Holtzman is also associate director at the Charles F. and Joanne Knight Alzheimer’s Disease Research Center (Knight ADRC), where, he says, investigators started realizing in the late 1980s that the pathology of the disease starts years before the symptoms do — an idea that took a long time to gain traction in the field. According to Holtzman, this inspired Knight ADRC scientists to conduct longitudinal studies comparing individuals with normal aging to those who have Alzheimer’s disease, and these studies have yielded important insights. It
has also led to additional massive longitudinal research endeavors at Washington University, including the Dominantly Inherited Alzheimer Network, where scientists study rare mutations that cause early onset forms of Alzheimer’s disease and test potential therapies.
Testing Innovative Solutions
Fifteen years ago, Holtzman launched a startup called C2N Diagnostics with his former post-doctoral fellow Randy Bateman, MD, who is now the Charles F. and Joanne Knight Distinguished Professor of Neurology at Washington University. One of the goals was to develop a blood test to detect early signs of Alzheimer’s disease type pathology in the brain. During his post-doctoral fellowship, Bateman developed a method to measure the production of amyloid proteins in the nervous system of humans, Holtzman explains.
“We started accurately measuring the amyloid protein in the blood and found that the blood levels were related to how much of the protein was building up in the brain,” he says. “That ultimately turned into a test that is highly accurate at determining whether someone has a buildup of amyloid in their brain or not.” Bateman and colleagues recently published results of a multi-center international study in the journal Neurology showing that the test accurately detected the presence of amyloid plaques in patients. Holtzman says that the test could be a valuable tool for clinicians trying to determine the cause of early signs of cognitive impairment.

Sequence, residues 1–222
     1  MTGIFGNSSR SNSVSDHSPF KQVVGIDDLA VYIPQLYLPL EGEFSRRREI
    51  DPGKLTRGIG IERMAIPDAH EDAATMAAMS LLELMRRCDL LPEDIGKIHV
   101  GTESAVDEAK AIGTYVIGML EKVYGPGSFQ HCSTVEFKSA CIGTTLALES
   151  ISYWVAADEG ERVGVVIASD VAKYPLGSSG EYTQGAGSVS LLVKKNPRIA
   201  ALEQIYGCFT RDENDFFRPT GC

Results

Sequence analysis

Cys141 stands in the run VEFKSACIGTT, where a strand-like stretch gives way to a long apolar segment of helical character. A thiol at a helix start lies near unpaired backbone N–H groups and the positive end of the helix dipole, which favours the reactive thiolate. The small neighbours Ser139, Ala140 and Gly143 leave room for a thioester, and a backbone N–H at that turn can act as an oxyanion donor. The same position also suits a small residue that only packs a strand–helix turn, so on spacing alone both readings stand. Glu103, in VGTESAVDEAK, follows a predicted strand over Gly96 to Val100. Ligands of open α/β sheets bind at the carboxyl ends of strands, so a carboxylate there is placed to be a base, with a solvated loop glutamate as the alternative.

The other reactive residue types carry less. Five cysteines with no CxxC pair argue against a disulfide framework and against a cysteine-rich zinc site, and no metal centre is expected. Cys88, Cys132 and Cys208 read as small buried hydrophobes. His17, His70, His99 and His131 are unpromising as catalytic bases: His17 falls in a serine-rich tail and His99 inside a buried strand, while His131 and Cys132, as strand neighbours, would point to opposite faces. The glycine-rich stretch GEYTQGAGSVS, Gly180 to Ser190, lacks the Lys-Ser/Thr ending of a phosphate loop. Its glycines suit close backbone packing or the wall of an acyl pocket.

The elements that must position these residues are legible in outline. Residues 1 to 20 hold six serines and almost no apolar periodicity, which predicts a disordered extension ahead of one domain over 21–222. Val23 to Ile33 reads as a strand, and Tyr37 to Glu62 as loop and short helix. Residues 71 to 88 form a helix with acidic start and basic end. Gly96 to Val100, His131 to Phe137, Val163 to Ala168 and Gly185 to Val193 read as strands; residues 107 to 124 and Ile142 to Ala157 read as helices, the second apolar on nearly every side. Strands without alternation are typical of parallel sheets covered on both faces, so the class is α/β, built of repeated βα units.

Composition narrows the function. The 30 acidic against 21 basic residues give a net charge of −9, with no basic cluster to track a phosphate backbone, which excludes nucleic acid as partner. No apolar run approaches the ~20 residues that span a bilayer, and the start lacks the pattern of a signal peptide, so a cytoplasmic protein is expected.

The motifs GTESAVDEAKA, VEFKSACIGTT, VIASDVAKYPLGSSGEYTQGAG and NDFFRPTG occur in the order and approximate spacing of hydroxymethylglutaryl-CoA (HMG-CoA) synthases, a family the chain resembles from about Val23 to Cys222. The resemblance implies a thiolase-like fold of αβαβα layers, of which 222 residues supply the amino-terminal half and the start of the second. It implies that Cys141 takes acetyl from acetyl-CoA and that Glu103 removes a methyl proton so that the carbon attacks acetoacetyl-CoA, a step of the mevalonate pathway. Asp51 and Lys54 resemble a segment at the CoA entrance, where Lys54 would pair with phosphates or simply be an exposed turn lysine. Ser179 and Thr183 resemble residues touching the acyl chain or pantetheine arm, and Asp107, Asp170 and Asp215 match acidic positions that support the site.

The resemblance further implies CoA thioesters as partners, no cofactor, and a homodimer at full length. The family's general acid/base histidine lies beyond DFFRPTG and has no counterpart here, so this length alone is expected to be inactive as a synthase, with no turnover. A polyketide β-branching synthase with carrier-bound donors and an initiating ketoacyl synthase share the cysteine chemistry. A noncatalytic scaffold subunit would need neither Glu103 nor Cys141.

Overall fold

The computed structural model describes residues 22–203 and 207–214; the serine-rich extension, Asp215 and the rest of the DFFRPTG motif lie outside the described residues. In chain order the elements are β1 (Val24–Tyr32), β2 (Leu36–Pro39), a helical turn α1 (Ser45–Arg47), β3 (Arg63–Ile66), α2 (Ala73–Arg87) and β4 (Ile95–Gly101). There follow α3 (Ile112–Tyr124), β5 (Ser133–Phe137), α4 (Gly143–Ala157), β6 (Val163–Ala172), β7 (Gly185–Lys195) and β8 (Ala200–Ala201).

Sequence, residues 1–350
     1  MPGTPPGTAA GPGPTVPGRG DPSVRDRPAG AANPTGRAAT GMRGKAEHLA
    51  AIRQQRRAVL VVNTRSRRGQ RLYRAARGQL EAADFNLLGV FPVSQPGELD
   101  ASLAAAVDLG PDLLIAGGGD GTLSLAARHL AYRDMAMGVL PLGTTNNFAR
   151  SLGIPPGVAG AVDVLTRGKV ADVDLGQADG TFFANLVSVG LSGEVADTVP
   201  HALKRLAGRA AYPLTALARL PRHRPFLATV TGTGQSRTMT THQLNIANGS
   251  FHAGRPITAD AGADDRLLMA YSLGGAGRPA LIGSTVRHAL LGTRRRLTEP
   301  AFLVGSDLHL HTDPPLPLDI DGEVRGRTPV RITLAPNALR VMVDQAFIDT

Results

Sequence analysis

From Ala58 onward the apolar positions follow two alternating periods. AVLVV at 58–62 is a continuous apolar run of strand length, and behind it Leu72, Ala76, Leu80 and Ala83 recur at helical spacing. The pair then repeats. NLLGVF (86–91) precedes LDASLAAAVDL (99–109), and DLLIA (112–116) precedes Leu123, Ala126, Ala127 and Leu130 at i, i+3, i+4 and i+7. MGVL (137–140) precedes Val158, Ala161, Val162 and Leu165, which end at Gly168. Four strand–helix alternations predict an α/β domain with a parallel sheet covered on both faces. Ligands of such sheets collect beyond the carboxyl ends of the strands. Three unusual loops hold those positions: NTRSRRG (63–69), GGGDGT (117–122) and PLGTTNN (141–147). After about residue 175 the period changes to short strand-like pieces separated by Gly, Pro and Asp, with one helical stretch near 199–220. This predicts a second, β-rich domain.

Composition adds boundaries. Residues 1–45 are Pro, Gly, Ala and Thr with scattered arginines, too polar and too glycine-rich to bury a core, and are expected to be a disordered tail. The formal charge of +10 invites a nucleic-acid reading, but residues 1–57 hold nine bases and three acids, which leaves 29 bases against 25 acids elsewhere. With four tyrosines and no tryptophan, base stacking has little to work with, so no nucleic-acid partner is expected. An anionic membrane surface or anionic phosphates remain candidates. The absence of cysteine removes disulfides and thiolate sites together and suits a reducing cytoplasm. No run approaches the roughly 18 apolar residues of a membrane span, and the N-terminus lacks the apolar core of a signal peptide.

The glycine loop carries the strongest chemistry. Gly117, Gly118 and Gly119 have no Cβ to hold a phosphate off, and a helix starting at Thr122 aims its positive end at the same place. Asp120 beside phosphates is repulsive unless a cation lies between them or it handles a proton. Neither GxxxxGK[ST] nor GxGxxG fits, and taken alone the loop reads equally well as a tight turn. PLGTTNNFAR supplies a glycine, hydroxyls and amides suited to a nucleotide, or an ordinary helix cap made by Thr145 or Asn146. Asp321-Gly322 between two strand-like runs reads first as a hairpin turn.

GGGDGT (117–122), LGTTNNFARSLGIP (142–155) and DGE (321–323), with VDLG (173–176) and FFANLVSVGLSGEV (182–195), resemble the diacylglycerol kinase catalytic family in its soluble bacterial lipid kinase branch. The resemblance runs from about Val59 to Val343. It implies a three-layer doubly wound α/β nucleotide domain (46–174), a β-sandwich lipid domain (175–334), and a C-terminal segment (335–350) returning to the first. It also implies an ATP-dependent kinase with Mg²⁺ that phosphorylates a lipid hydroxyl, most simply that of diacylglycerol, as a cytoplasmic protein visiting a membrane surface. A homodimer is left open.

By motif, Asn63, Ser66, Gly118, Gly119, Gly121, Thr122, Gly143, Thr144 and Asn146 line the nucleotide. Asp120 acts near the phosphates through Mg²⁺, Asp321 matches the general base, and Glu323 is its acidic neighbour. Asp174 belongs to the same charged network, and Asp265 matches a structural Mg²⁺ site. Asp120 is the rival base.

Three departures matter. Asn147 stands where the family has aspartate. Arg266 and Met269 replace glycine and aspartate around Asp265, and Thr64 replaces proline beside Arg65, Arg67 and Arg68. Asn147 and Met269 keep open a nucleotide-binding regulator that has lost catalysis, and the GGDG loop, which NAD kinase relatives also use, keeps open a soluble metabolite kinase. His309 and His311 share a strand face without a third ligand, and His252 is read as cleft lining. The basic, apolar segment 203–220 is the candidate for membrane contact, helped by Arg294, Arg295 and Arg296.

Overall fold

“We know that in people with Alzheimer’s disease, the brain changes start occurring about 20 years before symptoms, and the blood test can pick that up,” he says, adding that this is already allowing people to enroll in clinical trials of treatments to prevent or delay the disease. The test could also help clinicians rule out Alzheimer’s disease in patients who do not have amyloid buildup.
“If the test is negative, then you want to look for other causes of cognitive impairment,” he says.
The company, partnering with Holtzman’s lab, helped develop an antibody-based potential treatment for Alzheimer’s, targeting Tau tangles. According to Holtzman, no beneficial effect was found when the company AbbVie tested the therapy in clinical trials. Since then, Holtzman’s laboratory has shifted gears to determine whether APOE protein may be a better target for antibody-based as well as other gene-targeting therapies.
“Antibodies to APOE that is in amyloid plaques might be a better way to remove plaques without some of the toxic side effects seen with some anti-amyloid antibody therapies,” he says.
His laboratory is currently studying how disrupted sleep may contribute to the buildup of harmful proteins in the brain.
“We are trying different pharmacologic ways to improve sleep and gauging whether it affects Alzheimer’s pathology,” Holtzman says.
When he is not working, Holtzman enjoys kite surfing, hiking, and attending cultural events with his wife. Her support, he says, has been pivotal to his career, which often entails putting in extraordinary hours. He also acknowledges life-long friends he made while at Northwestern, who continue to play an important role in his life.
“Northwestern launched my career,” he says. “It set up everything that allowed me to be successful afterward.”